As a landlord, it is not your job to identify which marriages will last and which will fail. Offer them the same lease or month-to-month terms you offer everyone else, and if you have it in the fridge, offer the father pickles and ice cream.

Miley Cyrus (Gender Fluid)

Cyrus is an American singer, songwriter, and actress. She identifies as “gender fluid,” which means sometimes she identifies as female and sometimes as male.

Some gender fluid people use alternating pronouns, "they/them" pronouns, or something else. You can always ask someone their preferred pronouns.

Thomas Neuwirth aka Conchita Wurst (Drag Performer)

Thomas Neuwirth does not identify as transgender, but he spends a considerable portion of his time in his professional outfit, which is drag. He refers to his professional character as Conchita Wurst using female pronouns.

She won the Eurovision music contest in 2014 but he is the one who does the grocery shopping. Count them as one person for the sake of sanitary code compliance.

Laila Villanueva and fiancée Logan Beck Ireland in 2015, both transgender in opposite directions.  By Dominic Holden BuzzFeed

Logan Beck Ireland (Transgender, Female to Male)

Senior Airman Logan Beck Ireland of the United States Air Force and his then-fiancée Laila Villanueva were representative of most transgender people in their New York Times interview on serving in the military: You couldn’t even tell, and it doesn’t even matter.

This variety of transgender representation is the easiest to understand because individuals remain “binary,” that is, they act and appear fully male or female. And because they received medical attention early in life, their transgender status is impossible to see. Other transgender people may not have had access to gender-affirming medical care, or may have chosen not to undergo hormone treatment or surgery. They are just as valid as those who appear to more easily match the gender they identify as.

Ireland made headlines for being forced to wear a woman’s dress uniform for a ceremony, because his birth certificate still listed him as female. As a landlord considering Logan's rental application, you would thank him for his service and not ask him to put on a dress.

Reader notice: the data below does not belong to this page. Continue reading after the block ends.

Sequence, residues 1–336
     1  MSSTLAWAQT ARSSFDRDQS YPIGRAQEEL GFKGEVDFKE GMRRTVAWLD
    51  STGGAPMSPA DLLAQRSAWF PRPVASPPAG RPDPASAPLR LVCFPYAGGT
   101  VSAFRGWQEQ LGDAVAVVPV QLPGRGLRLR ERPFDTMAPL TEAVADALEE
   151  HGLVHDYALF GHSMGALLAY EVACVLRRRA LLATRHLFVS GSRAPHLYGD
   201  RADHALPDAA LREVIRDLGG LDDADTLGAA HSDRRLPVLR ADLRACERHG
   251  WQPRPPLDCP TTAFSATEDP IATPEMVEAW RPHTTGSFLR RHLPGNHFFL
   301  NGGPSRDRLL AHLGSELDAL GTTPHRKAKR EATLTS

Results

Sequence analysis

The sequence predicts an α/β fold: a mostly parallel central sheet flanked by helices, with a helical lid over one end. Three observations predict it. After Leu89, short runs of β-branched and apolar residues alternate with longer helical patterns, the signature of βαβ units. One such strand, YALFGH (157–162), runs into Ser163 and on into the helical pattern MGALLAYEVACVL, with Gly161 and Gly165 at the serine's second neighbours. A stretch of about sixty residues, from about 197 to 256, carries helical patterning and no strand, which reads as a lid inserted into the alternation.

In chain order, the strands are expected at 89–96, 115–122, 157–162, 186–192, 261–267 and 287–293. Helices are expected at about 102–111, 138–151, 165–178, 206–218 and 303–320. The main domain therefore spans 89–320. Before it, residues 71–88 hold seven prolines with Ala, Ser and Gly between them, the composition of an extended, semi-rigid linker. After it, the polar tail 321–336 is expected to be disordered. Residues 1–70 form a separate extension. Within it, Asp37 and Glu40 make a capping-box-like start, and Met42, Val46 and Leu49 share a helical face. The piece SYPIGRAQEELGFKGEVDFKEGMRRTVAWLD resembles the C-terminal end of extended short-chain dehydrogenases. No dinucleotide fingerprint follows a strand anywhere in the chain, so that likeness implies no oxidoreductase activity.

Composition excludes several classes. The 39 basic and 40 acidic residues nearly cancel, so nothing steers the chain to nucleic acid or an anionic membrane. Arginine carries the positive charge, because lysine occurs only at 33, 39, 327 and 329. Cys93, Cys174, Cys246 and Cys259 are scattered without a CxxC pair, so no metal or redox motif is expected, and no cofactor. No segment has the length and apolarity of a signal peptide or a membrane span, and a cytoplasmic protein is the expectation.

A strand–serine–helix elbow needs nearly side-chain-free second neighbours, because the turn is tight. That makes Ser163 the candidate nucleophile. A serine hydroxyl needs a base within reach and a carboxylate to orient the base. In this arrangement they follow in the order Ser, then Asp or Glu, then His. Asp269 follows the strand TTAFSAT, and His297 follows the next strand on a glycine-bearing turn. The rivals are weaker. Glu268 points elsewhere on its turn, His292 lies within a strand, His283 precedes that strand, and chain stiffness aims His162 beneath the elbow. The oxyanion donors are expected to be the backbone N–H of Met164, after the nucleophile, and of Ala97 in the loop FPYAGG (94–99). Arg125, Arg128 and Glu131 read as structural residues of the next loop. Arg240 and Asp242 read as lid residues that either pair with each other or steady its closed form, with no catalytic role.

A transgender pronoun card distributed by the University of Wisconsin Milwaukee. Source:

Hypothetical Examples of Non-Binary People

Some of us purposefully combine characteristics of both sexes. Those of us who do this call ourselves queer or non-binary. Here are some hypotheticals that you should treat as normal if you find yourself meeting someone like this.

A tenant who appears to be fully male and acts fully male arrives for their tour wearing a sun dress. Or, a tenant who appears to be fully female but is presenting very masculine to you arrives for their tour. Perhaps two tenants who appear fully androgynous arrive for their tour.

In all cases, the person may be in transition, may be unable to obtain the effect they desire, or may in fact desire a blend of attributes. But in every case, if you are not sure, use neutral pronouns (or no pronouns, how often do you refer to someone as "he" or "she" when you are talking directly to them?), or ask what they prefer. Try not to inquire about household roles, either, it’s not your business.

Increased Usage of They/Them and Neo-Pronouns

Many languages, including English, have three genders for certain types of words. In English, we see this with “his, hers, and theirs.” “His” applies to males, “hers” to females, and “theirs” is considered gender-neutral. Some transgender advocates may choose a fourth gender-fluid form, “zirs.” Still others may have an entirely new set of pronouns.

If a tenant wants you to use one of these neo-pronouns, you will hear something like what’s in the graphic accompanying this article. “She/he” becomes “Ze”, “Him/Her” becomes “Zir”, and “His/Hers” becomes “Zirs”. Other varieties of “he/him/his” exist, including “xe/xem/xyr” and “ve/ver/vis”.

If you are unsure how to address someone, you can always ask what they prefer. Questions in good faith will likely be met with sincere answers.

If You Mess Up Someone's Name, Gender or Pronouns

It happens to the best of us. You want to be respectful, but your transgender tenant goes by "Randy" and has an ID that has their birth name, "Rachel," because they have not legally changed their name yet. You've been filling out paperwork all day and have "Rachel" on your mind, and oops! You greet Randy with a hearty "Hi, Rachel!"

If you call someone the wrong name, or use the wrong pronoun or gender marker, simply apologize. Don't fall all over yourself and beat yourself up over it in front of the person. That puts the responsibility on them to make you feel better about your error. Instead, correct yourself quickly and move on. The more you use the correct name or terms for someone, the easier it will be for you.